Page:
And that is what we are here to change. Zencity’s solution helps close the gap between the city and its citizens, enabling local governments to collect and incorporate real, citizen-backed data into decision making. Zencity does this by continuously aggregating and analyzing resident-generated data points from sources such as social media and city hotlines. We then use advanced AI algorithms to transform this mass of unstructured data into real-time and ongoing insights through sentiment analysis, automated topic categorization, geolocation, and more.

We Have Come so Far

In doing so, we help local governments better understand wide-scale community feedback, and making data-smart decisions. We also ensure that cities can really hear the multitude of their residents’ voices.

I’m proud to say that our inspiring local government partners have already reaped exciting benefits using the platform, including fiscal savings, better communication with city residents, and more data-driven planning. If you want to learn more, hop on to the use-cases section of our website.

One of our biggest achievements over the last year has been our rapid growth in the US. In less than a year, we’ve added 15 cities to our platform – from towns of 10K residents to a city of 1.5M. I see this as a testament to how dedicated cities areto connecting with and understanding their citizens’ needs, and to the commitment that the incredible public servants in local government have to being more data-driven.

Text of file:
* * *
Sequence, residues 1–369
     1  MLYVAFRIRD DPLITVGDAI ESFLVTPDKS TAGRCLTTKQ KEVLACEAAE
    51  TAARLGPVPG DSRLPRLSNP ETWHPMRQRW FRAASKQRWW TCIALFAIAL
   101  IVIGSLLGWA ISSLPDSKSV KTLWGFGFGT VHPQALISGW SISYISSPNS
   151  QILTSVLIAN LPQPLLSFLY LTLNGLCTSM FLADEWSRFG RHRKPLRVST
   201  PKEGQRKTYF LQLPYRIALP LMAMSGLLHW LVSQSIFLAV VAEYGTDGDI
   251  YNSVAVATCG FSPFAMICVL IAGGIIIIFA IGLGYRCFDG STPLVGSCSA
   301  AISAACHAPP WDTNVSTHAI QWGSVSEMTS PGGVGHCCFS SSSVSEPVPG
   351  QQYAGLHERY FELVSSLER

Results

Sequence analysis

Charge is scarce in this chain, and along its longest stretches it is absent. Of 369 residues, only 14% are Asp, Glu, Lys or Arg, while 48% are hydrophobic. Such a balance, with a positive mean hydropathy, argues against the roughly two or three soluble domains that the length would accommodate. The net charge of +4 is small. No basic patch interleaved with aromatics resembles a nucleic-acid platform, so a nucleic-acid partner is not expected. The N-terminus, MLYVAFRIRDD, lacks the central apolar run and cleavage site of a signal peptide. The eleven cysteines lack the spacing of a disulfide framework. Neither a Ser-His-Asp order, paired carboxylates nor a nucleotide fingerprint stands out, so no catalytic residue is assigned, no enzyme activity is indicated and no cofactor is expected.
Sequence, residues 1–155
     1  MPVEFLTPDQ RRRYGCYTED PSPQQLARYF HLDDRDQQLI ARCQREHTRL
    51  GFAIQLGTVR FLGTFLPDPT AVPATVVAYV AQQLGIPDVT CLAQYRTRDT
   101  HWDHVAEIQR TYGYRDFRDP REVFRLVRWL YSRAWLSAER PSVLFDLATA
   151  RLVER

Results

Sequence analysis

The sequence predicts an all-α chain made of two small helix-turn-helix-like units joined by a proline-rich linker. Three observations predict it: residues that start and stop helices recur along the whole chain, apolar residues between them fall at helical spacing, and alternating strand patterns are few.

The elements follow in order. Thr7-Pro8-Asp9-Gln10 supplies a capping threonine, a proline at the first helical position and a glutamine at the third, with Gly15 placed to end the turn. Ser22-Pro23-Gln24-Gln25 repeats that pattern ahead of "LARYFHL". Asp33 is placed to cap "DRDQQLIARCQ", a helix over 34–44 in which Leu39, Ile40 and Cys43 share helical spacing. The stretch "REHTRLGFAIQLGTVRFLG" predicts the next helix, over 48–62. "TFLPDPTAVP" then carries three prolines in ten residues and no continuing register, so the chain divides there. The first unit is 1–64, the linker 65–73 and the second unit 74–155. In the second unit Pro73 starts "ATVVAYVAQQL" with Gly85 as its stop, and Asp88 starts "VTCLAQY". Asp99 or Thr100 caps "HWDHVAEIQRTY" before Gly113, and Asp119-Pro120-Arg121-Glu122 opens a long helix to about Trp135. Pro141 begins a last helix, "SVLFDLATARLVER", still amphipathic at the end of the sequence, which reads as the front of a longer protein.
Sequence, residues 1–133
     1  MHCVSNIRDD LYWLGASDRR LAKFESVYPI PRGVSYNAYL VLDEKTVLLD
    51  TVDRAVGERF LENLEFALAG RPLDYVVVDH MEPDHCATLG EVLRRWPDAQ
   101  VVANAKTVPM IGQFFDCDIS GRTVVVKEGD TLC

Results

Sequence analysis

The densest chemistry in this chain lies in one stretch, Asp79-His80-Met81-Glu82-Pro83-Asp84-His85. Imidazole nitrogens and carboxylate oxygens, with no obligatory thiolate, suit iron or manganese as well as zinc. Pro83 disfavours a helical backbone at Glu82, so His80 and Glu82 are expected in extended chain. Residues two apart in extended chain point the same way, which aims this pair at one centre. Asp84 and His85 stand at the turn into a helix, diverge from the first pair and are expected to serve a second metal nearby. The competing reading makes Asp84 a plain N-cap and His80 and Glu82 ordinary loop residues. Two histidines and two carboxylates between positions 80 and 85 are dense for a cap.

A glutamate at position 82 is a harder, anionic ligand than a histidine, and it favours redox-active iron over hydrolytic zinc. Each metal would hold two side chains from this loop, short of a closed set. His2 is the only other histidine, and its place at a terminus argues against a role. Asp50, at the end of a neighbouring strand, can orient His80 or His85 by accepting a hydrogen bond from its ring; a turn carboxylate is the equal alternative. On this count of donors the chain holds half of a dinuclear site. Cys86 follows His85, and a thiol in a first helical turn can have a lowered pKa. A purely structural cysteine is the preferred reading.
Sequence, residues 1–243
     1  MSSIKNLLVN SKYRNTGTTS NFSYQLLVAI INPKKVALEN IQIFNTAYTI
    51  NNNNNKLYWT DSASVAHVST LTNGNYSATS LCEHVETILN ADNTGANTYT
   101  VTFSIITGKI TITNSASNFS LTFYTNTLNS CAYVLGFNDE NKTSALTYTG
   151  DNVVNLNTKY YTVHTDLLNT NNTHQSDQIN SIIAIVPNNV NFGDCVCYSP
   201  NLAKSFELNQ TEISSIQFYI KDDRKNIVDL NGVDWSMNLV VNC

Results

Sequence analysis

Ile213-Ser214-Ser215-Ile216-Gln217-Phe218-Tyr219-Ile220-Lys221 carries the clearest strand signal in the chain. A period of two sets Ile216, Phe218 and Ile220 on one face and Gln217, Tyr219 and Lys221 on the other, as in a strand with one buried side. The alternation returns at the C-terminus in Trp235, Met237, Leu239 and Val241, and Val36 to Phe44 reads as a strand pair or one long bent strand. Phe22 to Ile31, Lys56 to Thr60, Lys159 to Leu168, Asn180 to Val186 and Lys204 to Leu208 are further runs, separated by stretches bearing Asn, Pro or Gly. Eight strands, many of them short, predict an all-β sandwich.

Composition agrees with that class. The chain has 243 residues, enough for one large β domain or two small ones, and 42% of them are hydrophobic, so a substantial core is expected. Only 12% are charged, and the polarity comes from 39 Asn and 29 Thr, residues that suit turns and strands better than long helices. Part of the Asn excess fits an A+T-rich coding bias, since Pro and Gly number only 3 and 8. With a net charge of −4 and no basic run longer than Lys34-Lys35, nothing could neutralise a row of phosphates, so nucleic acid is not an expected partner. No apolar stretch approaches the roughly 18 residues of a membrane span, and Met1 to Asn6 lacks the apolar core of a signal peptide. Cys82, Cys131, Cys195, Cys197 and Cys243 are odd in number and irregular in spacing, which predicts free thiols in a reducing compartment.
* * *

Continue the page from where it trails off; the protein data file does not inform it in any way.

Artificial Intelligence Solutions Tailored for Cities 

As I said, while this has been an exciting year, this is all just the start. As more and more cities get on board with our solution, the exciting potential of AI in local government becomes even more evident. With our new funding, we will be spending the months ahead building out exciting new capabilities that will allow us to collect more accurate and in depth feedback, analyze more types of data, and most exciting – share information back out to the communities living in cities.

I’m sure these capabilities will set a new standard for the way cities are managed, and for what relationship between cities and their residents could look like.

If you’re excited by what we’re doing – we are looking for great partners in this journey. If you’re a city, request your demo today: 

Looking for a job? Check out our career page

Cheers,
Eyal

3 Main Takeaways From The US Conference Of Mayors

Eyal Feder-Levy

Eyal Feder-Levy

CEO & Co-Founder

The Zencity team and I recently had the honor and privilege of participating in the 86th US Conference of Mayors in Washington DC. Alongside over 200 mayors, we were able to discuss the challenges American cities are facing today, and highlight the role data analytics can play in city-making.

Meeting Representatives of 1,408 Cities in America

The United States Conference of Mayors itself is the official non-partisan organization of US cities above 30,000. Twice a year, they hold an in-person meeting, and throughout the year, they work together on initiatives, policy papers and more, shaping local and national urban policy. We were inspired by dozens and dozens of Mayors that we met and learned from all over the country – Flint, Oakland, Miami, Tacoma, Baton Rouge – the list goes on.